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Putting load handling safety into proportion

Thirty one percent of all fatal, serious and over-three-day injuries reported by the HSE for the year ending April 2010 were related to manual handling. A further 30% were caused by slips, trips and falls on the same level and 9% to falls from any height. These represent the first, second and fourth largest categories in the HSE’s figures and equate to more than 80,000 people whose lives were directly affected. Countless more family members, friends, colleagues and employers will have also been involved. These figures make stark reading and once again highlight the importance of health and safety in the workplace.

It is tempting to be complacent and believe that "it couldn’t happen here". But there is another way of looking at these figures – the most likely accident or injury in any workplace will be in these categories rather than some of those that have historically been taken far more seriously.

Often the simplest way to reduce the risk of an accident and resulting injury is to remove the potential cause. That means, for example, eliminating the need for manual handling by providing employees with crane or platform lift on their vehicles or a goods lift in the workplace. This has clear implications for handling, of course, but will also help reduce the risk of slips, trips and falls because many of these accidents occur as a result of people climbing onto a vehicle or up a ladder when load handling equipment would remove the need.

Handling equipment suppliers such as Penny Hydraulics continue to play their part by adding new features to their products that promote safety and make it easier for operators to specify and install them.

There is a trend in crane manufacture to incorporate full hydraulic control for all but the lightest units. Hydraulic control of boom lifting and lowering as well as slew (sideways movement) and rotation helps ensure smooth and precise load handling with reduced risk of the sudden and unexpected movements that can cause accidents to users and bystanders. These features are now widely available on cranes with maximum working load as low as 500kg. The use of proportional controls, another recent innovation on smaller cranes, helps to ensure movements follow the amount the levers are depressed which promotes even greater precision and safety.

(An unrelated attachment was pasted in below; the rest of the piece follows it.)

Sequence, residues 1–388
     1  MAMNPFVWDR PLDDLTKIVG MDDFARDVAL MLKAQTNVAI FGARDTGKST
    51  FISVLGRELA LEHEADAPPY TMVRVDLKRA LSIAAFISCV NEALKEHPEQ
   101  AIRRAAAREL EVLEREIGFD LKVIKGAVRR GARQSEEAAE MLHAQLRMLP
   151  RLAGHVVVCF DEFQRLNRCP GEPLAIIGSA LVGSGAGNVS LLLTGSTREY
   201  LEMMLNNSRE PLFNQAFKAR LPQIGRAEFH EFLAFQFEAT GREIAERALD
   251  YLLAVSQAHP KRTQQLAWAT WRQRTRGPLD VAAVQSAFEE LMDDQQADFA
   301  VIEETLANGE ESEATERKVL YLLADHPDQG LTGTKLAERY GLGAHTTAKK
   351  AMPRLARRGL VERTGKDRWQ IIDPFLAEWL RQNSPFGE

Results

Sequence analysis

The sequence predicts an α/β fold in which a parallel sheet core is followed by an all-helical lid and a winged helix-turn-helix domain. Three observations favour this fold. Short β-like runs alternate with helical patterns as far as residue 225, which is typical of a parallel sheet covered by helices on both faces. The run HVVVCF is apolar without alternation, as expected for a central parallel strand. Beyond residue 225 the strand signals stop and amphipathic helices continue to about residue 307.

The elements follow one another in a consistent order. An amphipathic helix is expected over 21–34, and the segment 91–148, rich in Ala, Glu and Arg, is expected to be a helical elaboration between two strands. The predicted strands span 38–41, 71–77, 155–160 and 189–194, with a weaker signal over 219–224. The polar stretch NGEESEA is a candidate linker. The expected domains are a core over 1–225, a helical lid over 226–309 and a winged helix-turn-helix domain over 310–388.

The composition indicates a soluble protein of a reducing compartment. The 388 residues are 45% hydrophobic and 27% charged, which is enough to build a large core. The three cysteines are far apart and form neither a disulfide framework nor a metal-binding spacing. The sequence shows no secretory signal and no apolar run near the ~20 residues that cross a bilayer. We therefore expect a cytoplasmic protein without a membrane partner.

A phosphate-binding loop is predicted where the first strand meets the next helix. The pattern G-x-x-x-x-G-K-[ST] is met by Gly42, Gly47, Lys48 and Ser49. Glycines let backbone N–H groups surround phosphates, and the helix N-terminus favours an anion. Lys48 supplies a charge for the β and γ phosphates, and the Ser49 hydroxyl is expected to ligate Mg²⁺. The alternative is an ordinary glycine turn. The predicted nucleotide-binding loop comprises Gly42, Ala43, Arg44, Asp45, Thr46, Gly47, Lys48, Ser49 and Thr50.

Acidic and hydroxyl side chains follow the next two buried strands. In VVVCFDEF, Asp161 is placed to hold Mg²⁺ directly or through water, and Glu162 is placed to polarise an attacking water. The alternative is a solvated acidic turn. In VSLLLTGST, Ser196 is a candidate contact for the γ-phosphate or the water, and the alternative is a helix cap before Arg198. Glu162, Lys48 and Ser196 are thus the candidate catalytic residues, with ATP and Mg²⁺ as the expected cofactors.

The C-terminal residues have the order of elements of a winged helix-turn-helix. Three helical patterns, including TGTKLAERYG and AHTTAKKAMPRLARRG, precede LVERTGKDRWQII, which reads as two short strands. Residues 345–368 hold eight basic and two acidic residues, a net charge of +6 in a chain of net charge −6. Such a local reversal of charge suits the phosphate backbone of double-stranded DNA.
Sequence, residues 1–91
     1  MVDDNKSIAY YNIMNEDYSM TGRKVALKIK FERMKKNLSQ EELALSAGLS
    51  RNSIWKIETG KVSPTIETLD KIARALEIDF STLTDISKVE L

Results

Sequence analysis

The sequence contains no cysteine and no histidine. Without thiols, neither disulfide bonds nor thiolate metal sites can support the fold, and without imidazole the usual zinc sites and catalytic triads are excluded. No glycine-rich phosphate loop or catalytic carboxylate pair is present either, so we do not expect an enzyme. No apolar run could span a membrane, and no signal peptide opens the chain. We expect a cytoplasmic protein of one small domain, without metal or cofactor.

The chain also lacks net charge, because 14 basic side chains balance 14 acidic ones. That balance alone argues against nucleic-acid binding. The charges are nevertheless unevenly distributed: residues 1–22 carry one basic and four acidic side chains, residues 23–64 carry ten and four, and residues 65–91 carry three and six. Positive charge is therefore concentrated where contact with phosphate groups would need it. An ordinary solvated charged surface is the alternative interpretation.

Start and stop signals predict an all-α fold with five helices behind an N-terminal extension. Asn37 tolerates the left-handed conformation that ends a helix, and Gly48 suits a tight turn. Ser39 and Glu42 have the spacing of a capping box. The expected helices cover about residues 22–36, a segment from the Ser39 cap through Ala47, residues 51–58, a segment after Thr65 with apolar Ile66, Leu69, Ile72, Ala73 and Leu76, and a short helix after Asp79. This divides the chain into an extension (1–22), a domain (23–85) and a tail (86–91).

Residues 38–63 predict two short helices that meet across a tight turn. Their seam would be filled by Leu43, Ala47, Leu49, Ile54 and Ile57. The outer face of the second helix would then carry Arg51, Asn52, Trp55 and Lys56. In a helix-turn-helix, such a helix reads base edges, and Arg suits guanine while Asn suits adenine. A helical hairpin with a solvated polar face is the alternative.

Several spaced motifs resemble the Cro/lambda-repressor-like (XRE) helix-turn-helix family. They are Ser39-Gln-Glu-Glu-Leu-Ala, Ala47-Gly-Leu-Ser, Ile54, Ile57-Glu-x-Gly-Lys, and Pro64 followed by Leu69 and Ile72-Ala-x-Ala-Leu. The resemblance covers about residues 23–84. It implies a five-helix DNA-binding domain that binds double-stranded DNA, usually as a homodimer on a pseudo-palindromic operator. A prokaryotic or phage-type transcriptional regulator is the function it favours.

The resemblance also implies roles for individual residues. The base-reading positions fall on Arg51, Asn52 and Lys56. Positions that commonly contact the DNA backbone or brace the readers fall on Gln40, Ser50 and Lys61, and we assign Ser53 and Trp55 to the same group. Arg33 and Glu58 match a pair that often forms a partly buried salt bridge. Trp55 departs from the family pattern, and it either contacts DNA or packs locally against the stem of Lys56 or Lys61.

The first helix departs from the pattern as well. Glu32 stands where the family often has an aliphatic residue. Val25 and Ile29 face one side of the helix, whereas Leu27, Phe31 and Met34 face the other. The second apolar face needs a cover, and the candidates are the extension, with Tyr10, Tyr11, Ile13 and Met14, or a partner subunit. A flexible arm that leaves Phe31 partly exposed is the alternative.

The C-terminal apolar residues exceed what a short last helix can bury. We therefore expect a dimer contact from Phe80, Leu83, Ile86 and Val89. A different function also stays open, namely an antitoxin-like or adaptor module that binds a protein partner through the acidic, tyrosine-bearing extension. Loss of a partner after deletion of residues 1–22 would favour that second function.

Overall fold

Remote controls are also increasingly popular with operators. These are especially useful from a safety point of view because they reduce the need for operators to climb on their vehicles. Instead they stand well away from the vehicle and load when handling is in progress. In general, two types of control are available. The first is attached to the crane or platform lift by a length of cable known as a wander lead while the second is a wireless device that provides the user with complete autonomy to stand in any position with the best all-round view of the working area.

Another aspect of crane and platform lift design is the drive to take out weight without compromising on performance and safety. During the last year or so Penny Hydraulics has used its advanced CAD and finite element analysis tools to re-engineer its crane and platform lift ranges to reduce weight through optimised design and use of alternative materials which replace some steel components with lighter alloys. Operators can now install one of these devices with reduced impact on the overall vehicle weight to leave more carrying capacity for improved operational flexibility and productivity.

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